The Commission is seeking feedback on its draft decision and Transpower’s proposal by 27 June 2014, and expects to finalise its decision by 29 August 2014.

The Commission’s draft decision, consultant reports and Transpower’s proposal are available on the Commission’s website www.comcom.govt.nz/transpowers-price-quality-path-from-2015-to-2020

Background
Transpower New Zealand Limited is the owner and operator of the national grid. As system operator it also manages the real time coordination of the electricity market. Transpower is a State Owned Enterprise.

In markets where there is little or no competition, the Commerce Commission regulates the price and quality of goods and services to benefit consumers and build a more competitive and productive economy.

Since April 2011, Transpower has been regulated under Part 4 of the Commerce Act 1986 by way of individual price-quality regulation. Under individual price-quality regulation, the Commission sets the maximum revenues that Transpower is allowed to earn from its customers and the quality standards it is required to meet for a regulatory period. A regulatory period typically lasts for five years.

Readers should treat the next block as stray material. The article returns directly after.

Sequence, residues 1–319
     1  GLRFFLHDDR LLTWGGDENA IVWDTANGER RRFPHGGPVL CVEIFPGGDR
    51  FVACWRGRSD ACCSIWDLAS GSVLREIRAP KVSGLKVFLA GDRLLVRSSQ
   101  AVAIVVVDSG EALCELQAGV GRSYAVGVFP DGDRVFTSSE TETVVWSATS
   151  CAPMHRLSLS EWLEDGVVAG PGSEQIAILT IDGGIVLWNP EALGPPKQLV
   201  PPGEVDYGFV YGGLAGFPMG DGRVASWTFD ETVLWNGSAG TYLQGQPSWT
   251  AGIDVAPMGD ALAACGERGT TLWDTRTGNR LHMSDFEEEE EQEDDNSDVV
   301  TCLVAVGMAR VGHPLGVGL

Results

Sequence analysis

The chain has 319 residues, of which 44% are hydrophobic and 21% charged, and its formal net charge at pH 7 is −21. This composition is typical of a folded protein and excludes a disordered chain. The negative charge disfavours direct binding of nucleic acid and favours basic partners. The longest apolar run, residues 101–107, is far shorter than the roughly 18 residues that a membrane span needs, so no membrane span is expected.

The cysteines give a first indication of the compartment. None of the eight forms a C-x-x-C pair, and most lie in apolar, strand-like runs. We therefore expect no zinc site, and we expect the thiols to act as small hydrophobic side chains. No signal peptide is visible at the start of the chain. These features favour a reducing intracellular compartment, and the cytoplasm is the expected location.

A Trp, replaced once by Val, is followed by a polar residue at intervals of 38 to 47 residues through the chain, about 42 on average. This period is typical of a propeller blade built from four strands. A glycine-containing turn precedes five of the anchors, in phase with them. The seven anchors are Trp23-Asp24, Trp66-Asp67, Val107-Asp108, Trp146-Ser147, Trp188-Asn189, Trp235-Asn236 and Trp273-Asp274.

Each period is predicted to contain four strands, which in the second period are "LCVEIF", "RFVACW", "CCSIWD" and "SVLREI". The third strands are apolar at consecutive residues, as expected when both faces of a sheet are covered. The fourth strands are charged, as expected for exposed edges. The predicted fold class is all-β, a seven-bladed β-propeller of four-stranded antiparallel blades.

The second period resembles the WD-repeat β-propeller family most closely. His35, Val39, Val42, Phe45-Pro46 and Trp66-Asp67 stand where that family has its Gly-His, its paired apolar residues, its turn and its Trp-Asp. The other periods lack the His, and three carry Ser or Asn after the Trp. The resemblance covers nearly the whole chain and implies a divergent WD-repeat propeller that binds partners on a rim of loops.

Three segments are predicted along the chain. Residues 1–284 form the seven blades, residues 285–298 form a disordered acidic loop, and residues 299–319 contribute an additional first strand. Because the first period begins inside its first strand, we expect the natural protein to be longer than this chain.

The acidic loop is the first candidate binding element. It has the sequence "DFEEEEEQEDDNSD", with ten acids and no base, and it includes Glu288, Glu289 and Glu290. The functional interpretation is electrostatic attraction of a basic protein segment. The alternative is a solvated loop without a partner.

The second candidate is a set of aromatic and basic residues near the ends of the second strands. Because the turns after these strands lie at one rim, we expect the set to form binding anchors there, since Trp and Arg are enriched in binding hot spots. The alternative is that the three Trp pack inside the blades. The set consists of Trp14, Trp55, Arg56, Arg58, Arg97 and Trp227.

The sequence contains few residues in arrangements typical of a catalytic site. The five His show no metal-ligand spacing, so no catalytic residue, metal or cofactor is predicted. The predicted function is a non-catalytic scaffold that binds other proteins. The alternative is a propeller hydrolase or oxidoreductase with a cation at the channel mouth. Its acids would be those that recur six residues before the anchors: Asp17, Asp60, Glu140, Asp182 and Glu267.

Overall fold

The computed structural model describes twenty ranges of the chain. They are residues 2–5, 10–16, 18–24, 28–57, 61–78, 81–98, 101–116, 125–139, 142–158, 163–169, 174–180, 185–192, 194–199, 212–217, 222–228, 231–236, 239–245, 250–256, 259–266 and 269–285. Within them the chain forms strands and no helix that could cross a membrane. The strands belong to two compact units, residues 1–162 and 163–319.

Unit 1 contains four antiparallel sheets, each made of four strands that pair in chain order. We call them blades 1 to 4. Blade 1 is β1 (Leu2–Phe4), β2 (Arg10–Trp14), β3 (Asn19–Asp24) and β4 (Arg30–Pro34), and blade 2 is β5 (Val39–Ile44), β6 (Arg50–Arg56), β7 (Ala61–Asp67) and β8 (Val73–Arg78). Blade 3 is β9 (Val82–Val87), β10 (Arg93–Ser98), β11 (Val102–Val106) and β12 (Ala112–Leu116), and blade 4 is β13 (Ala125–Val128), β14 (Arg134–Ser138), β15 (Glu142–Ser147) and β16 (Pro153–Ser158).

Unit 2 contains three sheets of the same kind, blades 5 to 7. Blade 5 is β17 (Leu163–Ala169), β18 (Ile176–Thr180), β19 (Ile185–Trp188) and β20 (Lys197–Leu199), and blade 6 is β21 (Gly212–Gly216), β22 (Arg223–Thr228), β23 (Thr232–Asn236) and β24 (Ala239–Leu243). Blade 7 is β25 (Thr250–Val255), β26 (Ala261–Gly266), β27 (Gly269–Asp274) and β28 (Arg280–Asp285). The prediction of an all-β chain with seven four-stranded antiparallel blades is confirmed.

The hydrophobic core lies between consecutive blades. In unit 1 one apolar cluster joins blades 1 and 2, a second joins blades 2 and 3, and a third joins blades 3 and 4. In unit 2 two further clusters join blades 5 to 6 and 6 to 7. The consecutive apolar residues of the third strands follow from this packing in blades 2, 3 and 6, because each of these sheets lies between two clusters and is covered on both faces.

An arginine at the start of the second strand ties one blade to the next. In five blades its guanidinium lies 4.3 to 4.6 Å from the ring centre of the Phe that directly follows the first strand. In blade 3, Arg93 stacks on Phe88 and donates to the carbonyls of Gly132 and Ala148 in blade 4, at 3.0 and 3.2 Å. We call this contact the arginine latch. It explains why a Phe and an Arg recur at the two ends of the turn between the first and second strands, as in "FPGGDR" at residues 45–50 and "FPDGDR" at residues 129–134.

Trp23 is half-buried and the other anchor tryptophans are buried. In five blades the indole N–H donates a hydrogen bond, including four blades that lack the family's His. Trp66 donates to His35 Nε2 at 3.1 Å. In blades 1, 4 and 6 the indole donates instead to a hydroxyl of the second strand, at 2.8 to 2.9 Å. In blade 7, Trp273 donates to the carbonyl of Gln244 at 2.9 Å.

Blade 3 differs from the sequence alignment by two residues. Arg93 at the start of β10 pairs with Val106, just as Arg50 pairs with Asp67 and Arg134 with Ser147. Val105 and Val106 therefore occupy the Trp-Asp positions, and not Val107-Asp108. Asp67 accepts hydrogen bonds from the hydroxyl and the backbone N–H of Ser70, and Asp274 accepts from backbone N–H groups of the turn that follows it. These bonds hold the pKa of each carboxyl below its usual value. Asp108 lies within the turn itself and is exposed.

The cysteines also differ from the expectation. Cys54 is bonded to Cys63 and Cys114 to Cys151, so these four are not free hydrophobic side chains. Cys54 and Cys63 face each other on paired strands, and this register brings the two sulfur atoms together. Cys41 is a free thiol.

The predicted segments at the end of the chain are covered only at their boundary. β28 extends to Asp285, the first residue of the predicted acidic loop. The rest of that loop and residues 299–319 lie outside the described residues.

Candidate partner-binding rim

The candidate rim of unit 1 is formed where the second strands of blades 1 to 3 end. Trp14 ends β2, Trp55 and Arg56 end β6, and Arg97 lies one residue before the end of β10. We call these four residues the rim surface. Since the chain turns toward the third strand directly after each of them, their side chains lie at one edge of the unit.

Price-quality path regulation is designed to mimic the effects seen in competitive markets so that consumers benefit in the long term. This includes making sure suppliers have incentives to innovate and invest in their infrastructure, and to deliver services efficiently and reliably at a quality that consumers expect, while limiting businesses’ ability to earn excessive profits.

Transpower's maximum allowable revenues are based on operating and base capital expenditure approved by the Commission before the start of the regulatory period, as well as the existing asset base, the allowed rate of return on assets, and the additional capital expenditure approved during the regulatory period for major capital projects. Transpower also has a range of incentives mechanisms which encourage efficiency by providing Transpower the opportunity to earn additional revenue.